What is The Algorithm?
The Algorithm is a statistical spreadsheet tool developed by our resident statistician Carl Weeks. It uses various spread betting odds and expected bonus points to determine the expected FPL points for each player. It can be applied to help select captains, plan transfers and predicting who will be the highest scoring defender, midfielder or striker over a set amount of weeks (and more!).
In this new mini-series, Carl will be using the tool to see who it selects to be the best 11 players for Double Gameweek 32 – ideal for those using the Free Hit Chip.
The first major double Gameweek has arrived, which is like Christmas for many FPL managers who are now playing their Free Hit chip. This is second article on how to use the algorithm to select a team for using the free hit chip in GW 32.
As the free hit chip is only used for a single week, it would make most sense to maximise the quality of your starting 11 and minimising the value on the bench. For this article, I assume that you fill your bench with a total value of £16.5m and so can spend £85m (assume have some value in your current squad) on the starting 11.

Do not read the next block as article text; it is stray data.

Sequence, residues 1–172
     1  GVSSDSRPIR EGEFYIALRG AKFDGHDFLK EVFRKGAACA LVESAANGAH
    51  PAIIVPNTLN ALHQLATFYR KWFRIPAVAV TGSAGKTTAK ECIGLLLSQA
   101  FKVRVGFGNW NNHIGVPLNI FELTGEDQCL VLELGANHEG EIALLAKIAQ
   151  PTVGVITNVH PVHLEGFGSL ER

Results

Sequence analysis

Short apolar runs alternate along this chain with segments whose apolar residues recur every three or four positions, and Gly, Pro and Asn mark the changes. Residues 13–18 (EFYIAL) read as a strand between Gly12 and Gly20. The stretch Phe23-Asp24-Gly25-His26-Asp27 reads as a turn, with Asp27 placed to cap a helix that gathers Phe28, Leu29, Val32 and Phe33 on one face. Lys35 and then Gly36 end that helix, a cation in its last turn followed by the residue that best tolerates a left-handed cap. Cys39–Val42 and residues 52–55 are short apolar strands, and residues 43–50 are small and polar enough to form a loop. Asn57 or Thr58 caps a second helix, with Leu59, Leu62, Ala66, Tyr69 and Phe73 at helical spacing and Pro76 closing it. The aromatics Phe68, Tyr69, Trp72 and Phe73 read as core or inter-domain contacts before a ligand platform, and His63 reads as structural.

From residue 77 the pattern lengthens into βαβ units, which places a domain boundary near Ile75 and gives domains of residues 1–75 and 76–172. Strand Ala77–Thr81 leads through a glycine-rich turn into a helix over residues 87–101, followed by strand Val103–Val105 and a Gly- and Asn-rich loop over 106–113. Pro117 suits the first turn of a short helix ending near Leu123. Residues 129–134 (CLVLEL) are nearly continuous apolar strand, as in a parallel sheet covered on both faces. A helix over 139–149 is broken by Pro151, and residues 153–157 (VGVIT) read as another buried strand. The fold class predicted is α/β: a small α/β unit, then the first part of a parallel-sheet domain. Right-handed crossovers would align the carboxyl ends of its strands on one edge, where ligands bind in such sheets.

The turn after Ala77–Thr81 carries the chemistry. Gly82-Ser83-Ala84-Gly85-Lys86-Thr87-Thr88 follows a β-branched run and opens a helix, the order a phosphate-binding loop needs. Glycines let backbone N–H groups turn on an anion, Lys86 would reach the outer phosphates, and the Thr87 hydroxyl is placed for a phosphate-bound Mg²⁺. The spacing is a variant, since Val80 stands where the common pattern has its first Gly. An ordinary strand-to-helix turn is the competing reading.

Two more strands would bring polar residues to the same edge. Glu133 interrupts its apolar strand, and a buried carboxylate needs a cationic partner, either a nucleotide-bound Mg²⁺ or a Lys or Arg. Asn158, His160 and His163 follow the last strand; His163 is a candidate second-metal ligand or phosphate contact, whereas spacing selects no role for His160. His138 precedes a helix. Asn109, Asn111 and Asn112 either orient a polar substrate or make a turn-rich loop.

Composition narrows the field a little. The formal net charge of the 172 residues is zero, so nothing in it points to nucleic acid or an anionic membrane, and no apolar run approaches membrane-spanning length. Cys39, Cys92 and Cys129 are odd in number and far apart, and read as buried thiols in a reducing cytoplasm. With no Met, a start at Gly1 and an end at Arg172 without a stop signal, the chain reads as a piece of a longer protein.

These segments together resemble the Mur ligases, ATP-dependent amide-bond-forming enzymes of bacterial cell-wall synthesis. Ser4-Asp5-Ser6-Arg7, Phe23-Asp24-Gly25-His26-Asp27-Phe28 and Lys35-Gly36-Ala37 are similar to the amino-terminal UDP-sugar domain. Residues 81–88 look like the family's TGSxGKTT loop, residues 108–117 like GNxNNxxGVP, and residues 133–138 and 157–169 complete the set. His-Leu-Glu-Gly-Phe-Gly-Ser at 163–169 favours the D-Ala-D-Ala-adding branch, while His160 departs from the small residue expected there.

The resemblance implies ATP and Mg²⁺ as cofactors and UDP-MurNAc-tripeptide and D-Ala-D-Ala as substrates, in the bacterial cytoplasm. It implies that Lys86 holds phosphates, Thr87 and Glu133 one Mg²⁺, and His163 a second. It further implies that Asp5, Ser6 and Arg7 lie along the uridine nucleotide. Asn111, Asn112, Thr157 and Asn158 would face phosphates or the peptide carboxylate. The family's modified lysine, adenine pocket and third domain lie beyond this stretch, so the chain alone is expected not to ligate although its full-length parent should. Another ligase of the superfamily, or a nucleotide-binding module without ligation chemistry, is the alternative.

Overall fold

The prediction tool generates fantasy points on expected goals a team will score in a match. For the current week spread-firms estimates are used, but future ones are based on my own rating system. For the double Gameweek, the spread-firms only have prices available for the first set of matches.
Setting up the prediction tool
The first stage is to open the prediction tool and go to the page “User dashboard”. Here ensure cell C2 is set to “FPL” and cells C5:C6 are set to 33 and 34 (the tool is a week ahead of the FPL Gameweek, hence 33 instead of 32).
The players with the highest expected scores for the Gameweek, appear for each position. The second list of players is ordered based on points per £m instead of just points. I suggest opening a blank spreadsheet (
Initial team selection
To aid the creation of a team I have built a spreadsheet (
There is a message in the spreadsheet (just below C17) that lists Chelsea and Man City as having more than 3 players. We are also currently over budget.
Iteration to meet the player constraint
Our aim is to maximum the expected score of our starting 11. The above achieves this objective but breaks the constraint of only three players from a single team, but also considerable over budget.
The next stage is to remove a Chelsea player that minimises the impact of the expected score. For this we look at the lowest pts/£ Chelsea player for each position and look at the options available:
This is Kepa in goal at 1.6 pts/£, though can only be replaced by a keeper with a worse pts/£, so will ignore for the time being.
Hazard is the lowest pts/£ for outfield players. Due to the current 3-5-2 formation he can be exchanged with any position. The highest pts/£ for non-selected out field players is Schlupp.
Next Chelsea player to go is Rudiger, ignoring Man City and Chelsea players, then next player on the list is Deulofeu. Giving:
This still breaks the budget constraint and has four Man City players.